The noise that 200 Stab Wounds have been making is far from subtle. The Cleveland, Ohio death metal outfit are relatively new to the scene – having formed in 2020 – but have been rattling the underground. Their impressive EP Piles of Festering Decomposition bursts with ferocious sounding riffs and pummeling presentation. Compared to other horror-loving death metal acts, 200 Stab Wounds sets itself apart in creating compositions with technical range. Not to the level that one could associate them as a tech death band, but in each of the twists and turns each track offers, there comes a refreshing variety to that of the true and tested horror death metal formula. With the band’s official debut LP Slave to the Scalpel, 200 Stab Wounds not only further extend that excellent quality, but also deliver an unnerving rush of heaviness.
The genre of brutal slam lends itself to a lot of technical repetition, which over time can turn exhilarating instrumentation into monotonous sound. 200 Stab Wounds are by no means a slam band, but in how they use the genre’s sonic traits, they craft an experience that maintains an aura of menace throughout. Rather than just bash and shred away on their instruments, the band constructs compositions that not only go hard, but fuel the record’s overall dark presentation. Catchy rhythms, intricate shifts in time signature and tone, along with playful uses of tempo and sonic intensity make it so going from track to track, the listener is constantly being fueled with adrenaline.
The drum work and revving guitar rhythm at the beginning of “Skin Milk” are a small taste for how delightfully exhilarating the instrumentation is to become. Throughout the song, the band builds upon their performance, upping and slowing down the intensity of their playing throughout – allowing for tempo to create a hysteric appeal. “Tow Rope Around the Throat” sees the band carrying forth a similar rhythm, but also expands upon the band’s musical template with more fluctuation in drumming patterns and rhythmic shifts. The vocals provide a grueling, somewhat mucus-like texture to tracks; in “Itty Bitty Pieces,” it feels as if the words are clinging onto the guitar rhythm, the two working together to present this icky vibe.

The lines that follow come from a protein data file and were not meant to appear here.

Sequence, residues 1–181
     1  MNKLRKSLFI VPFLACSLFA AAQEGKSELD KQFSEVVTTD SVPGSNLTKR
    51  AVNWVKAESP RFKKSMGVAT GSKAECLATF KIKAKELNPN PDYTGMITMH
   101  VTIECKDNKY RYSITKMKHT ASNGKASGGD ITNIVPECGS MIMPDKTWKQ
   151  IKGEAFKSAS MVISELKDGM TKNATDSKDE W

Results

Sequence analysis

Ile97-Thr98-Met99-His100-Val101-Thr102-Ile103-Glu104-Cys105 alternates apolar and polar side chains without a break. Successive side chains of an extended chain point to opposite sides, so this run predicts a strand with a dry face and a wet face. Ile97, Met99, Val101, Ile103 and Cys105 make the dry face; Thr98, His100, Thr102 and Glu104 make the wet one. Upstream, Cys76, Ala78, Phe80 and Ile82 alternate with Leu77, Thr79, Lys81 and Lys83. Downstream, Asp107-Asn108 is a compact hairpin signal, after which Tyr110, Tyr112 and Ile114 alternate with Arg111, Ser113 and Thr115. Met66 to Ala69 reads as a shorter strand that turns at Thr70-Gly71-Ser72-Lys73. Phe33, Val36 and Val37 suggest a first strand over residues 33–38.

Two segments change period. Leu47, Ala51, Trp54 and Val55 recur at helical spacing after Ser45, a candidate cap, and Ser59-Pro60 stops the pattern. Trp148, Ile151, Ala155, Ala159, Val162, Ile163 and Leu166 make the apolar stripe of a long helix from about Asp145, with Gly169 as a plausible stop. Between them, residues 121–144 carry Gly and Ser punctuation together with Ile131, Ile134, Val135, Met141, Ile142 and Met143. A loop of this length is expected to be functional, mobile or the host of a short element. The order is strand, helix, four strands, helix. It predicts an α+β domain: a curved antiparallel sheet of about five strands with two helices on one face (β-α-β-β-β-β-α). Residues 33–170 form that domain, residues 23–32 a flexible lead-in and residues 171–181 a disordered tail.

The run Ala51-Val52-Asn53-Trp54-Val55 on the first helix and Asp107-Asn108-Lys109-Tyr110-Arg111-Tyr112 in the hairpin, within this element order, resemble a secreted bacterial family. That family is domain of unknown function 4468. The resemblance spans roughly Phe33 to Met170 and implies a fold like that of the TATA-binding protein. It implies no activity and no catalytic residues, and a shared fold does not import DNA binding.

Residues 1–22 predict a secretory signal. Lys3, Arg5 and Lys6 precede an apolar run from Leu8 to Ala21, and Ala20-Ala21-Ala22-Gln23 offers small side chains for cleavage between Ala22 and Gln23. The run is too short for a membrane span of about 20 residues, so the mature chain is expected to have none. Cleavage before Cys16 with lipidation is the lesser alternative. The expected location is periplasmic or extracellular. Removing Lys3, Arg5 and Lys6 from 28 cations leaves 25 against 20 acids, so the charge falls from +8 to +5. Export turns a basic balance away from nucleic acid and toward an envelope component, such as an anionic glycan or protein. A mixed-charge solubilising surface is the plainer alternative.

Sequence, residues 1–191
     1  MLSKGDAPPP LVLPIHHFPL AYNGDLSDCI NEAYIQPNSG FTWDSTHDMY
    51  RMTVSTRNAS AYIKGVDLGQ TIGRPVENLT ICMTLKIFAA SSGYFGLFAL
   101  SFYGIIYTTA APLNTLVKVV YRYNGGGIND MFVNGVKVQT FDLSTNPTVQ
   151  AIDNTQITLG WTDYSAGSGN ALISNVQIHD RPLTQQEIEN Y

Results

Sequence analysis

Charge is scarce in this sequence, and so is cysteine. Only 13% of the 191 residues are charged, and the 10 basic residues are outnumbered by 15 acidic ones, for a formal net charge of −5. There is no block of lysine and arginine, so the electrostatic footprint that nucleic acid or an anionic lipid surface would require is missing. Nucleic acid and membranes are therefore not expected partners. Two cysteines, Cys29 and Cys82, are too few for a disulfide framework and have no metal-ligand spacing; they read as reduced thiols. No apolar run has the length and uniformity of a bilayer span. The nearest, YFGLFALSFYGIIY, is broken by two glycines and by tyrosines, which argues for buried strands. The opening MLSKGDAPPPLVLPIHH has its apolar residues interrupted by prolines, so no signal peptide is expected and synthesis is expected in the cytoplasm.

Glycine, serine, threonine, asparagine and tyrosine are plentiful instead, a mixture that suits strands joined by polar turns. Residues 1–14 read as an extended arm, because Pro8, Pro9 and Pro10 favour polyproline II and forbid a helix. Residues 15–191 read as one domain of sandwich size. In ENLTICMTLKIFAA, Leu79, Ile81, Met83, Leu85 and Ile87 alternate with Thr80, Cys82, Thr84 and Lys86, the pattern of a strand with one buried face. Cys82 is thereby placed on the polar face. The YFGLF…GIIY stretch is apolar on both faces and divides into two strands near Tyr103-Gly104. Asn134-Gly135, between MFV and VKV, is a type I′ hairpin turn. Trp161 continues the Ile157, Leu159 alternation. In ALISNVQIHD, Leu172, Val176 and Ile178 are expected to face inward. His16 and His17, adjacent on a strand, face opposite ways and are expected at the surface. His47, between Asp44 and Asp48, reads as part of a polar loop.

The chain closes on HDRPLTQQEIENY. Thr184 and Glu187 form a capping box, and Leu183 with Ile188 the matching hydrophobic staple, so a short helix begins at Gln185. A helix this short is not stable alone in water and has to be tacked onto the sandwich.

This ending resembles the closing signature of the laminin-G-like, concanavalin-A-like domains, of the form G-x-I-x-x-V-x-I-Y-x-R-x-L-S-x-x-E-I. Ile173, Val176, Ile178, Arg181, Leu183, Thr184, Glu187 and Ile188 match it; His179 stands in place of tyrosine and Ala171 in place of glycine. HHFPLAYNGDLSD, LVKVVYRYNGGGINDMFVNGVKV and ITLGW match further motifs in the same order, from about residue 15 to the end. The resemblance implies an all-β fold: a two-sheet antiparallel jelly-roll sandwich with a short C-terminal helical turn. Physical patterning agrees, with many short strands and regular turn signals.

The technical work throughout the record isn’t anything extreme or out there, but it is essential in keeping the material engaging. In blending multiple forms of heavy music, there is no obnoxious repetitiveness or clashing of concepts – the craft behind this work is topnotch. Through fun rhythms, moments of melody, and throwing in random (welcomed) surprises in technical flair, these nine tracks keep listeners on their toes and anticipating what will come next.
Slave to the Scalpel is not just a killer record, but also prominently highlights the talents of 200 Stab Wounds. As a young band within the death metal scene, this is an act to keep an eye out for. The fresh brutality the band brings into their instrumentation – keeping the elements of brutal slam interesting through intricate technicality – offers a death metal experience that thrills and chills.